By Kirk Maltais
--Wheat for December delivery on the Chicago Board of Trade on Friday rose 3.4% to $5.75 a bushel, the highest close since March, after an uptick in wheat prices out of the Black Sea area.
--Soybeans for November delivery rose 1.5% to $10.43 1/2 a bushel.
--Corn for December delivery rose 0.9% to $3.78 1/2 a bushel.
Black Sea Cues: Russian wheat prices rose to $235 to $240 a ton, according to AgResource. The grain has seen strong demand from importers. In addition, "Black Sea farmers are reluctant to add to cash sales amid severe dryness and as optimal winter-wheat-seeding windows begin to close in early October," AgResource said.
Hot Pot Help: Soybean futures remained at more than two-year highs, buoyed by strength in the vegetable oil market as well as confirmation of more export sales to China. Rapeseed oil on the Zhengzhou Commodity Exchange is being supported by the return of large group dining in China such as hot pot restaurants, said Darin Friedrichs, senior Asia commodity analyst at StoneX. Meanwhile, the USDA confirmed Friday that China purchased 210,000 metric tons of U.S. corn and 132,000 tons of soybeans. An additional 100,000 tons of soybean meal was sold to unknown destinations, the USDA said. Large sales of soybeans to China were reported by the USDA every day this week.
To The Rescue: President Trump is allocating $14 billion in aid for agricultural producers affected by Covid-19, the USDA said Friday. The funds are on top of aid distributed to farmers under the CARES Act. Payments will be based on 2020 planted acres of cash crops including corn, wheat, soybeans, or maximum inventories of livestock in the case of livestock producers.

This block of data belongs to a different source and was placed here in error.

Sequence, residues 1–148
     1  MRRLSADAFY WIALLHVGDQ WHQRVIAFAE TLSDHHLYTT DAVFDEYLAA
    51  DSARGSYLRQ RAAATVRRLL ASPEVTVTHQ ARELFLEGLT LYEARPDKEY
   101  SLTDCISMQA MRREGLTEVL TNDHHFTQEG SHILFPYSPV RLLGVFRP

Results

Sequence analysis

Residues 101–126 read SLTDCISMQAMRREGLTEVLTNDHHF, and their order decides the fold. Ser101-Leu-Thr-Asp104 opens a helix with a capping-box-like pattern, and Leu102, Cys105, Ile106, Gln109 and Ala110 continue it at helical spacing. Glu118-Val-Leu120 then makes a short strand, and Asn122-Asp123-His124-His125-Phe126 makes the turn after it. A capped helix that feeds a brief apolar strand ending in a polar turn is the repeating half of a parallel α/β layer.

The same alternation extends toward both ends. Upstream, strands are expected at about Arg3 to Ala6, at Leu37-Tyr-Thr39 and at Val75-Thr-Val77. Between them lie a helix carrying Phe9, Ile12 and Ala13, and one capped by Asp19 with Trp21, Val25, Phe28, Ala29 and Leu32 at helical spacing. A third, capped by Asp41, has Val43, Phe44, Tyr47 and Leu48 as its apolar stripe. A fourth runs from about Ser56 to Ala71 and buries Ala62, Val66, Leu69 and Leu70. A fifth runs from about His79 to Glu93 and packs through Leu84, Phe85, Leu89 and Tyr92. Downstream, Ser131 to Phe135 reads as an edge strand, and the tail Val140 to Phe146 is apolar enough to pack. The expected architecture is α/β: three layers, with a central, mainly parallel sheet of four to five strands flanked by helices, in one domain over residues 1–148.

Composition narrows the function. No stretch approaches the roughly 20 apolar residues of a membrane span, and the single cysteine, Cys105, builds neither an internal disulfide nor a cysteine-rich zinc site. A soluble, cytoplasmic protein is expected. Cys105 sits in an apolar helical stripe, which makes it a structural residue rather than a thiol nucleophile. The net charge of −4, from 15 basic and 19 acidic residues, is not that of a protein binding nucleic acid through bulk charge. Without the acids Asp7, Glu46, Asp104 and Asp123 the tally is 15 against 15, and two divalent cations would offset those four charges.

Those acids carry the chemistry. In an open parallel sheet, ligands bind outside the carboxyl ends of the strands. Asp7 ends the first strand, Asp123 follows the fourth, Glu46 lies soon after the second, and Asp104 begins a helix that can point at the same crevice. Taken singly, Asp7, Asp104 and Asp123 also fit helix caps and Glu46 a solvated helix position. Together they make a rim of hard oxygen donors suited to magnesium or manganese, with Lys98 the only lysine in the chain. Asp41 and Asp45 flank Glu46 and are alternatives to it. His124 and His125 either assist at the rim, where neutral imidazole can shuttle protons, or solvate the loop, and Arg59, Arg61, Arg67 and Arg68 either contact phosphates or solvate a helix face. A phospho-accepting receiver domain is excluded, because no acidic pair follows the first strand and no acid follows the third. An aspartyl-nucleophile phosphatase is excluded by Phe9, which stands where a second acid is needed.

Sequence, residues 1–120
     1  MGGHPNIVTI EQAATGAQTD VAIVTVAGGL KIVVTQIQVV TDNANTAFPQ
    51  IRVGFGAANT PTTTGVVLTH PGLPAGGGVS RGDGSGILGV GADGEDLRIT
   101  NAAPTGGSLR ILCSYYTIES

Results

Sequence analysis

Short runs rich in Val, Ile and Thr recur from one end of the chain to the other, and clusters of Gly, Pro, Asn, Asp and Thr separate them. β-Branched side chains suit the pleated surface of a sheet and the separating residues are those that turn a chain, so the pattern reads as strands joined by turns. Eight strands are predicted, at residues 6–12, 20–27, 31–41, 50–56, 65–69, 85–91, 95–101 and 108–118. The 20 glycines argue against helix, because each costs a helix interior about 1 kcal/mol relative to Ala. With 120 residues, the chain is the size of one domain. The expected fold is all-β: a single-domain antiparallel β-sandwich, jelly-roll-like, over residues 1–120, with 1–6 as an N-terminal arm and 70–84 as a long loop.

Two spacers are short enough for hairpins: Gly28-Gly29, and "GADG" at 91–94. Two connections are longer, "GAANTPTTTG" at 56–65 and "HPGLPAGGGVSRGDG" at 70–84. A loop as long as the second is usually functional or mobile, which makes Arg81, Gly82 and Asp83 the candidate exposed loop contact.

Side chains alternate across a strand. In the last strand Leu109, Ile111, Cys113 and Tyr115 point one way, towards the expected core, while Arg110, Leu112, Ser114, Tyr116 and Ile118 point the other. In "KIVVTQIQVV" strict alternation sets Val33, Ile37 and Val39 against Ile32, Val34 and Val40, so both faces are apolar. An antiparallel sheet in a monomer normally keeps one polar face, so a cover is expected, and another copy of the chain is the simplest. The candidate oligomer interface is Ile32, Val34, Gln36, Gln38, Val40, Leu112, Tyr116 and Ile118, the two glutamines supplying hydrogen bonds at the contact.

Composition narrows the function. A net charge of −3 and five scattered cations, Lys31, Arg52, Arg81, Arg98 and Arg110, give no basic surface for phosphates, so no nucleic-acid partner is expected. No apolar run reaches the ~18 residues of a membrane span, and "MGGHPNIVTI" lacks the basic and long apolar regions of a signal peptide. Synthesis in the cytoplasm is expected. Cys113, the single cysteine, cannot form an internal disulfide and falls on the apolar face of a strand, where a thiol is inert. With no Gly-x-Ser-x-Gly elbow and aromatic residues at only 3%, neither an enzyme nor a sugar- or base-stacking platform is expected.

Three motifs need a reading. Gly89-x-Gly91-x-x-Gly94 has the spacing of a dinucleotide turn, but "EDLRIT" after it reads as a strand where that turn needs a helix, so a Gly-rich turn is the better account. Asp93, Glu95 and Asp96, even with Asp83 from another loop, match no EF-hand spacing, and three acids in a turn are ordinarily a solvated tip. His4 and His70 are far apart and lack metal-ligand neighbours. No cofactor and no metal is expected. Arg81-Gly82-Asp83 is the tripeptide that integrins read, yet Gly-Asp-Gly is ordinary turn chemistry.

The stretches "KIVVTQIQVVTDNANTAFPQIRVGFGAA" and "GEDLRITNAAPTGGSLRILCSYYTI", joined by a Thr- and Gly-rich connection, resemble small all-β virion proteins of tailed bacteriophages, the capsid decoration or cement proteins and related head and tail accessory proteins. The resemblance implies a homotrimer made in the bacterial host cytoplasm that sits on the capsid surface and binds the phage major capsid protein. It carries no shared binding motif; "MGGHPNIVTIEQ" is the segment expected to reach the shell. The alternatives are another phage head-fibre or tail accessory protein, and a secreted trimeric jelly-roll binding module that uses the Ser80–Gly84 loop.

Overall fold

China Risk: Continued reports of large Chinese purchases by the USDA has been the main driver for upward moves in grains futures this week. Some traders project soybean prices could top $11 a bushel. However, traders appear to be ignoring the possibility that these purchases could dry up quickly, said Arlan Suderman of StoneX. "Money flow is currently choosing to ignore the risks that Chinese demand may fall short of their hopes, while choosing to focus on bullish hopes," Mr. Suderman said.
--The USDA releases its weekly grain export inspections data at 11 a.m. ET Monday.
--The USDA releases its weekly crop progress report for the 2020/21 crop at 4 p.m. ET Monday.
--The USDA releases its monthly cold storage report at 3 p.m. ET Tuesday.
--Lucy Craymer contributed to this article.
Write to Kirk Maltais at firstname.lastname@example.org